The DNA in each of your cells is 3.4 billion base pairs long. Every time one of your cells divides, each one of those 3.4 billion base pairs must be replicated. That leaves a lot of room for mistakes -- but there are built-in correction mechanisms that make mistakes unlikely. Still, sometimes chance leads to errors, and sometimes environmental hazards can cause mutations, too. Mutations can be classified in several ways: their size, their specific form or their effect, for example.
The longest book in the world, according to Guinness World Records, is "Remembrance of Things Past," by Marcel Proust. It has 9,609,000 characters. Your chances of copying that book perfectly are pretty small. Now imagine copying it more than 350 times without a mistake. That's comparable to what your cells need to do every time they divide -- and your cells have divided trillions of times. It's no wonder that mistakes happen here and there, by chance. Some chemicals increase the chances of error, as does exposure to ionizing radiation such as X-rays.
Mistakes in copying DNA are called mutations. Mutations can be classified many different ways. Somatic cell mutations, for example, are those that take place anywhere in the cells of most of your tissues and organs. Germ-line mutations result in mistakes in sperm or egg cells.
The Genetic Code and Substitution
DNA consists of a long string of units called bases, usually referred to by the letters T, G, C and A. The order of the bases carries the information in DNA, information that controls the structure of proteins in your body. The code for constructing proteins is in 3-base sequences called codons.
One type of mutation is a substitution. That's when what should be one base -- say, a C -- is built instead as another base -- say, a T. Substitutions can have three consequences. If a substitution makes no difference, it's called a silent mutation. If a substitution changes the amino acid in a protein it's a missense mutation. If a substitution screws things up so badly the protein can't be built, it's a nonsense mutation.
Insertions and Deletions
Sometimes the replicating molecular machinery introduces a kink in the DNA. When a copy is made, it can have an extra base inserted, or it can skip one. Those are called, respectively, insertion and deletion mutations. Insertions and deletions can cause a frameshift. That's when the 3-base code "shifts," making each subsequent codon appear to start with the second or third base, instead of starting with the first. Frameshifts usually change at least several amino acids and introduce a premature "stop signal" to the protein-synthesizing process, so they're likely to produce nonsense mutations.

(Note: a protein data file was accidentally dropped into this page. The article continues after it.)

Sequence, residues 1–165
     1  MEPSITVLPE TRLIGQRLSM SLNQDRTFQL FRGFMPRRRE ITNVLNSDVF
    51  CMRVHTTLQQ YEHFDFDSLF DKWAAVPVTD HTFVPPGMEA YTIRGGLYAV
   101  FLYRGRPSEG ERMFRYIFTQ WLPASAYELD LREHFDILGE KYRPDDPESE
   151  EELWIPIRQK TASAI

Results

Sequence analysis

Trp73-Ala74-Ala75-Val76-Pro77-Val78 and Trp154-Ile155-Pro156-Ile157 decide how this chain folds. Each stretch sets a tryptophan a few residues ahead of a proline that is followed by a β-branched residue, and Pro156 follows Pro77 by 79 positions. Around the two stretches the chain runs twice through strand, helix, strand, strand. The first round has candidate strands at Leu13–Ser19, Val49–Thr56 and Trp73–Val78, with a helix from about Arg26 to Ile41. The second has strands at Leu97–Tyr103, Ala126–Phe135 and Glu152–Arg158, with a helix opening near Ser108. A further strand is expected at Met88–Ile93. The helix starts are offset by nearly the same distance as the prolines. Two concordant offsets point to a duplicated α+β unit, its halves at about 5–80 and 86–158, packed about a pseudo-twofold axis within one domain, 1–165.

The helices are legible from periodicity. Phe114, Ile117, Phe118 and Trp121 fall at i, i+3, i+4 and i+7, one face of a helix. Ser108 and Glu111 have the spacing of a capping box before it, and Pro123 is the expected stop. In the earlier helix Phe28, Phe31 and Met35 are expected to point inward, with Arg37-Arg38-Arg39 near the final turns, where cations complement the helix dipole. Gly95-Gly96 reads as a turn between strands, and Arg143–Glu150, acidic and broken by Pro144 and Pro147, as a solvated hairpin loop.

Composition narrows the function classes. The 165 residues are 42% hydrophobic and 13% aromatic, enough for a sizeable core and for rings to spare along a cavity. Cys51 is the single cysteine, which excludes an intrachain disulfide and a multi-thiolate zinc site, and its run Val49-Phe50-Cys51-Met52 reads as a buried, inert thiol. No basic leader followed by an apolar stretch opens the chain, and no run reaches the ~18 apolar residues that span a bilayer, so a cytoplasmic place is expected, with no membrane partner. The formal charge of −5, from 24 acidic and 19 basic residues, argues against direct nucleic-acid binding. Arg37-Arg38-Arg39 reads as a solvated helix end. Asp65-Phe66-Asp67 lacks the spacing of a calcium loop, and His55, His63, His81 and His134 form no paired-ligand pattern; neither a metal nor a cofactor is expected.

Substitutions, insertions and deletions are all examples of point mutations -- errors introduced in a single location on a DNA molecule. Sometimes the errors can be much bigger. Chromosome mutations, also called gross or gene-level mutations, involve errors that move entire sections of a DNA molecule. Translocations are shifts in the location of a chunk of DNA. Inversions are the result of the "flipping" of a section of DNA. Duplications consist of an extra copy of a gene making its way into a molecule of DNA. Although these errors sound serious, they aren't always detrimental. Without mutation, evolution would not have produced the great variety of life that inhabits Earth -- the only living organism might be a kind of microbe.
About the Author
First published in 1998, Richard Gaughan has contributed to publications such as "Photonics Spectra," "The Scientist" and other magazines. He is the author of "Accidental Genius: The World's Greatest By-Chance Discoveries." Gaughan holds a Bachelor of Science in physics from the University of Chicago.